If you haven’t already guessed, it is walking – simple, old-fashioned, placing of one foot in front of the other, the “first thing an infant wants to do and the last thing an old person wants to give up”.  It is the  most perfect form of exercise – health giving, stress busting, sociable and sustainable.   It is no longer the sole preserve of gaggles of retired teachers and postmistresses hiking from pub to pub, though organised Ramblers trips remain popular, but it has increasingly become the focus for major fund-raising events (witness the many “walks for life” around the globe), and many couples and families view it as a key part of their social life.

It may surprise readers who cannot buy their daily paper from the corner shop without getting into the car that walking is by far the most popular outdoor recreation in the UK – the proliferation of guide books on the shelves of your local WH Smith store is striking evidence.  Even in the home of the enemy  – the internal combustion engine – the number of walking trips has more than doubled, from 18 billion to 42.5 billion, in the last 20 years.

Over the past couple of years my wife and I have, armed with one of those guide books, increasingly devoted our Sundays to a countryside or coastal walk of between five and ten miles in Kent.  Lovely scenery – oast houses, meadow flowers, orchards and hedgerows –   accompanied by birdsong and captivating glimpses of wildlife, all richly compensate for the occasional hardships of mud, barbed wire fences and impossibly steep stiles. A visit to a local hostelry or tea rooms, either en route or at the end of the walk, completes the perfect afternoon. 

Yesterday was a case in point when, setting off from Frittenden church, we took a seven mile walk in the surrounding countryside, the mid point of which was the National Trust owned Sissinghurst Castle, the former home of writer Vita Sackville-West.  Here we sat outside the newly refurbished Granary restaurant with a coffee and a scone before taking a stroll around the acclaimed gardens, designed by Sackville-West herself, and then resuming our adventure. 

No walk would be complete without at least one unplanned detour, adding to the challenge and provoking a temporary raising of voices whilst the map is turned every which way and the book’s author is cursed for his imprecise use of the language.  But we haven’t got completely lost yet!

Walking in the countryside also provides the perfect environment in which, free from the noisy distractions of TV, neighbours and traffic, we can chat calmly and clearly about our plans –  the decisions to get married after 27 years and for me to take early retirement were both made on a cold February afternoon in a muddy field halfway between Shoreham and Otford!

Cynics will accuse me of over-romanticising the subject, of portraying a rural idyll that no longer exists (if it ever did), to which I plead not guilty.  Walking is the perfect antidote to today’s rushing, thoughtless world and an refuge, if only a temporary one, from its bombardment. 

On a more pragmatic level, it supplements the more frenetic gym regime and helps to prepare us both physically and mentally for the challenge of those lung bursting San Francisco hills and Lake Tahoe ski trails!

So, if you haven’t already, try it!  Approach it with an open mind and you might just find it’s the perfect workout and therapy.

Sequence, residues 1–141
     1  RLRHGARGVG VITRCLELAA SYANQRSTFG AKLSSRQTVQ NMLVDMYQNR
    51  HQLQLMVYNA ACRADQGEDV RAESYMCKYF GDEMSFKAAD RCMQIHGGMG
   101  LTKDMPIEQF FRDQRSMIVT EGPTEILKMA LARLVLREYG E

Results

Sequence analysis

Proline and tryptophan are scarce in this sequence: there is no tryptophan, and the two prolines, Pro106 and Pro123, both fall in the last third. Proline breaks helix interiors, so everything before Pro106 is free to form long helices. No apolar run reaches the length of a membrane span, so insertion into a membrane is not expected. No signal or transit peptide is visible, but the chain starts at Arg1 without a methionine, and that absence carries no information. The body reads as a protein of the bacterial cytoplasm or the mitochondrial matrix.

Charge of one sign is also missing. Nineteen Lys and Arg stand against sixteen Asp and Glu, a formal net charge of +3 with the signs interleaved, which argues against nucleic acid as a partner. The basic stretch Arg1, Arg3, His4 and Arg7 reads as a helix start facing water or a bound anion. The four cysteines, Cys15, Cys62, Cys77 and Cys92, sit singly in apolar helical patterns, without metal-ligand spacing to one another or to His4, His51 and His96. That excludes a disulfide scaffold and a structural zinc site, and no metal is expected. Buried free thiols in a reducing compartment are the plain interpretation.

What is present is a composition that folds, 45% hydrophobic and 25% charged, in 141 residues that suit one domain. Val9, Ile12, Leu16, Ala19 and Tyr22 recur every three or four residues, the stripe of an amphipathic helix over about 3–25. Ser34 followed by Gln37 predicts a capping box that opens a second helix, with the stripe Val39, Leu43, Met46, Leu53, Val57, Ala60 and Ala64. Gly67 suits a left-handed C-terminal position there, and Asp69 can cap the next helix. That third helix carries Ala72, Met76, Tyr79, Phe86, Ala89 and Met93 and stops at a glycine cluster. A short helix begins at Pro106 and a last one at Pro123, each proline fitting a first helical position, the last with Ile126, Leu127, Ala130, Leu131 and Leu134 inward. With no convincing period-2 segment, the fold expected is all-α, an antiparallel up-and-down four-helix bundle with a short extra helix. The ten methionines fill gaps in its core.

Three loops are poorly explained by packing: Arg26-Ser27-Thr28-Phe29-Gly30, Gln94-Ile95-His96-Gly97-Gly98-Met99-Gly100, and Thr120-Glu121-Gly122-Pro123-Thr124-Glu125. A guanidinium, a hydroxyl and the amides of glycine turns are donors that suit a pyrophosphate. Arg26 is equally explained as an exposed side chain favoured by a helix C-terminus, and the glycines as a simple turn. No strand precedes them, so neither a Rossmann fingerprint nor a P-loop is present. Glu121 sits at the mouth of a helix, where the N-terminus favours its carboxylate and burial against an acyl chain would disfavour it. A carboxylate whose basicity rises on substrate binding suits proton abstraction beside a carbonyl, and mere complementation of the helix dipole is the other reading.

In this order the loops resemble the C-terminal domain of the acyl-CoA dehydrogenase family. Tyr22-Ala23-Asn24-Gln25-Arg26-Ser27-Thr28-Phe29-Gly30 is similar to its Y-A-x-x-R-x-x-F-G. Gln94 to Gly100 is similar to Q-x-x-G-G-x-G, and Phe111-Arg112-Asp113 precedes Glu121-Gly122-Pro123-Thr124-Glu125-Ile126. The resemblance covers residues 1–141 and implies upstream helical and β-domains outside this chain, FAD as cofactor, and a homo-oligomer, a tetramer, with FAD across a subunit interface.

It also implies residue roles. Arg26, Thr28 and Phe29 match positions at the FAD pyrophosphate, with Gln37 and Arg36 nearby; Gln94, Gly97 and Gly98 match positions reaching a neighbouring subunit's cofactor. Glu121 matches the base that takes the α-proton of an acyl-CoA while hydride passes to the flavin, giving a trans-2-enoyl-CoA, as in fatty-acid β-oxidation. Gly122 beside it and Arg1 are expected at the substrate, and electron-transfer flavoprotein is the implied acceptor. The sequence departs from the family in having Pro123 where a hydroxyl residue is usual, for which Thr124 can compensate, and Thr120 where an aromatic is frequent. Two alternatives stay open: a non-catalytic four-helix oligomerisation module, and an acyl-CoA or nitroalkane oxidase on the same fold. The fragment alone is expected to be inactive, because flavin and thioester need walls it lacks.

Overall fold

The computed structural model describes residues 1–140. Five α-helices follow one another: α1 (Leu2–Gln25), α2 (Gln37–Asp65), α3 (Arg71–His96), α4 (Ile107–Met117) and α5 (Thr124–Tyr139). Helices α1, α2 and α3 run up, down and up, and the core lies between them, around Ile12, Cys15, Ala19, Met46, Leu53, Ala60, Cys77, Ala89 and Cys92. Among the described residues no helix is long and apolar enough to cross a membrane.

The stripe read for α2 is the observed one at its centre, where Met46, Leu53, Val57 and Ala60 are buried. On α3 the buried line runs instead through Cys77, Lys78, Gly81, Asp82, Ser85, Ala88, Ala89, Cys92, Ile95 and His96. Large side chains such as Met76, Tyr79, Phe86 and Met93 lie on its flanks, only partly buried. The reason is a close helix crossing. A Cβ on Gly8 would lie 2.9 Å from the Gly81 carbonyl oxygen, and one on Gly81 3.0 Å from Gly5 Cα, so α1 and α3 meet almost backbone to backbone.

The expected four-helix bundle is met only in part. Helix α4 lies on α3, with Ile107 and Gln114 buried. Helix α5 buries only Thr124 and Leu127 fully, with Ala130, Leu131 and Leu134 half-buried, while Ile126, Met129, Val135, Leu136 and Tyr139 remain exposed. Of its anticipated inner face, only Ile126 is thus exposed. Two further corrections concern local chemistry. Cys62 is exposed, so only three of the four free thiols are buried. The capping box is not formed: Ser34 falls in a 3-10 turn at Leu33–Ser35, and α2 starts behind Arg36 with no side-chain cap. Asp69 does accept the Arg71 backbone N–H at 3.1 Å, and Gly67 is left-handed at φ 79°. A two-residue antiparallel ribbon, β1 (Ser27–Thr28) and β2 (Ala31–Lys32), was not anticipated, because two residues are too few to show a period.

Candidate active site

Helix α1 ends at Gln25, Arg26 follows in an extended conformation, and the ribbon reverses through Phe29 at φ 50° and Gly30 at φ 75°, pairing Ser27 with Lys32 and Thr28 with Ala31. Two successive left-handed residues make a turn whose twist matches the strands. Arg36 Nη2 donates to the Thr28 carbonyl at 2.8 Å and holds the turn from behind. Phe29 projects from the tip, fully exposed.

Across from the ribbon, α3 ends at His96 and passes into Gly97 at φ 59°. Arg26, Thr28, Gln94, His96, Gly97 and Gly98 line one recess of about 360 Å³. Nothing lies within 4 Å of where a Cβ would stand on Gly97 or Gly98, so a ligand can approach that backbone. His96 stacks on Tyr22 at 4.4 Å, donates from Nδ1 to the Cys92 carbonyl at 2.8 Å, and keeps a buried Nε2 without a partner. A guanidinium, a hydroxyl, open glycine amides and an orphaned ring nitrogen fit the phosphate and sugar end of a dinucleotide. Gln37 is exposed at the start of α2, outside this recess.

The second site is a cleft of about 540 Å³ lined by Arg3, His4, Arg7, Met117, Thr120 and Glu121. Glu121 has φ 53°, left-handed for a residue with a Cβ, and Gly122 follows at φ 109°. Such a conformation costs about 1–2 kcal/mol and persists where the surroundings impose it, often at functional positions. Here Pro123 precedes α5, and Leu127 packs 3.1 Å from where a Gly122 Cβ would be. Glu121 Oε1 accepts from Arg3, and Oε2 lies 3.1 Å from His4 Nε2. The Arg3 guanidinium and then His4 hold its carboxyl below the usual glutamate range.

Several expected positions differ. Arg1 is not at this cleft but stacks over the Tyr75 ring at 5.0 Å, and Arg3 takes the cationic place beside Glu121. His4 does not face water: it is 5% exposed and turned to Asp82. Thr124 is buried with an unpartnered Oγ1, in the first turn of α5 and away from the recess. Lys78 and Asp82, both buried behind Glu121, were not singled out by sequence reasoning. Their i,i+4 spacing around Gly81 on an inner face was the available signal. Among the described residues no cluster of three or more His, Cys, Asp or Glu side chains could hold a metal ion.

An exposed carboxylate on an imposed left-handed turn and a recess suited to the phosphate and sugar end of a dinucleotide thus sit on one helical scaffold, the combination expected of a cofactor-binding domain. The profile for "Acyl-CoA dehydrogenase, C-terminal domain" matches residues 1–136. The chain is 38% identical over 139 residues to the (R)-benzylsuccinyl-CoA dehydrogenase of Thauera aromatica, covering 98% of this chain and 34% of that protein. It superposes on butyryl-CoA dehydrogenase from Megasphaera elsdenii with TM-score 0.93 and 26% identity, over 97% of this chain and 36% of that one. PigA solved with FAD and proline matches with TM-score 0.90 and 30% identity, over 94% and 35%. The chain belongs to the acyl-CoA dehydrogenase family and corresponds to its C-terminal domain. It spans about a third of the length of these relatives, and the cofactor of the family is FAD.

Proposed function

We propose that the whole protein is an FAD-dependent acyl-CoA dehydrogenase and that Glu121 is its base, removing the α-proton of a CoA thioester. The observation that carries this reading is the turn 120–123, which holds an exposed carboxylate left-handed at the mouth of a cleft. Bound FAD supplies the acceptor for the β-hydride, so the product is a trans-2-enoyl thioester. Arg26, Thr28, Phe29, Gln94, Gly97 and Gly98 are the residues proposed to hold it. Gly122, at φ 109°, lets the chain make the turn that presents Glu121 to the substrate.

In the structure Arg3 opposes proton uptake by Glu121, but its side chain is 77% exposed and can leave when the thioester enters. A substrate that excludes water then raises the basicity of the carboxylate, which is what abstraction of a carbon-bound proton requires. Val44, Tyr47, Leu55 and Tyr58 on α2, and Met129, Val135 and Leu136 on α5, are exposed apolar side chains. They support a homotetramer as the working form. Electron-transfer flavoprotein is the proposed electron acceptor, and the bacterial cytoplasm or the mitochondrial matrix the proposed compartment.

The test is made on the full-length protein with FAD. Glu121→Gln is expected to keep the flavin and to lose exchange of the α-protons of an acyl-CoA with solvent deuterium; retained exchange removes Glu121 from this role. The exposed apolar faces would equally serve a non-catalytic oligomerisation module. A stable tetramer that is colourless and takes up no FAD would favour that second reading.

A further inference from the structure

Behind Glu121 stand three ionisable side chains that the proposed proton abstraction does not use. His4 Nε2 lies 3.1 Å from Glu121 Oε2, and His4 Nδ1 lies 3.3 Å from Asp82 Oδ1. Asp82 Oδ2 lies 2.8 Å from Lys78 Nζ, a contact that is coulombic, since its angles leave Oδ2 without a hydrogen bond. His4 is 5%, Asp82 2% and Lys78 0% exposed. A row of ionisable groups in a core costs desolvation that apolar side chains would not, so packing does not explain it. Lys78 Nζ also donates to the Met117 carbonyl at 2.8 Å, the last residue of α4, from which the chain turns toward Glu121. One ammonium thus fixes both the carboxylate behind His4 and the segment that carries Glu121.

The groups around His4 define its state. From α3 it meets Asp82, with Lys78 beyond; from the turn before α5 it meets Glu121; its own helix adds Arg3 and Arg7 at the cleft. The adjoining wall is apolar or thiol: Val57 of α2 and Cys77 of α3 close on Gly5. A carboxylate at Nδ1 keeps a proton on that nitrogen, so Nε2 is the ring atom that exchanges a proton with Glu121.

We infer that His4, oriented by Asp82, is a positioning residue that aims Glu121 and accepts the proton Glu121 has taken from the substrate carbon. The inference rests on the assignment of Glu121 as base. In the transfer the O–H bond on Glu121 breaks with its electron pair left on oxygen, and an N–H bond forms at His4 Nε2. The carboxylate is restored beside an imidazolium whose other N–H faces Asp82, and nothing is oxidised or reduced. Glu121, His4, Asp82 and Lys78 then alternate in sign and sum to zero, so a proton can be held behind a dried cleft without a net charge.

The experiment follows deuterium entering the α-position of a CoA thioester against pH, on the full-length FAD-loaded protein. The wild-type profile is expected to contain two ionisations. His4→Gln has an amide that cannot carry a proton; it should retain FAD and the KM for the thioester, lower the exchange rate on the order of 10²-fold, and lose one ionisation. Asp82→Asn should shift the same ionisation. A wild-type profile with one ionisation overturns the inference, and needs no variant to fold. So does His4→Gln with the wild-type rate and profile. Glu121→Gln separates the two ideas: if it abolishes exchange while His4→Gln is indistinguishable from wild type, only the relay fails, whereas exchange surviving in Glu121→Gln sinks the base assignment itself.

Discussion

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I have presumed that anyone visiting this blog might wish to know a bit about its author.  Although the following can also be found under”About” at the top of this page I thought I would post it here too as part of the initial scene setting.

I was born in October 1952 on the day tea rationing ended in Britain (good timing, that) and, as an only child,  enjoyed a happy childhood, revolving mainly around football and cricket.  I had the good fortune of growing up during the sixties, the music of which provided a thrilling soundtrack to my childhood.  I attained a BA (Honours) in English and European Literature at Essex University, writing my dissertation on the novel “At Swim-Two-Birds” by Irish novelist and journalist Flann O’Brien.  This was followed by studying towards an MA in Anglo-Irish Literature at Leeds, majoring on Joyce, Beckett and Yeats and producing a paper on the novels of Patrick Kavanagh (“The Green Fool” and “Tarry Flynn”).

Eventually, I exchanged academia for the last refuge of the modern scoundrel and joined the UK civil service in March 1980.  I subsequently spent 29 years in the Department for Work and Pensions and its many antecedents, latterly in human resources and diversity before securing early retirement in March 2009. 

My interest in travel led me to undertake a Level 3 BTEC Advanced Certificate in Travel and Tourism via home learning.  I completed the course in December 2010, achieving a Distinction in all three elements – understanding the travel and tourism industry, tourist destinations and tour operations).  My ambition now is to concentrate on writing, for which I believe I have some aptitude, and, of course, to publish on a regular basis.  I expect to focus on travel in particular, though I suppose it is the nature of the writing experience, especially for a novice such as I that I may be drawn into other directions. That is part of the excitement of this journey. 

Aside from reading and writing my passions are walking, skiing, cricket (as a member of Kent County Cricket Club), baseball (a fan from afar of the San Francisco Giants), association football (a life long fan of Gillingham), music (principally folk, blues, country and West Coast rock), theatre and eating out.

And, of course, my wonderful wife Janet whom I married in Vegas on Halloween 2009 after 27 years together.  I am grateful for her support and encouragement.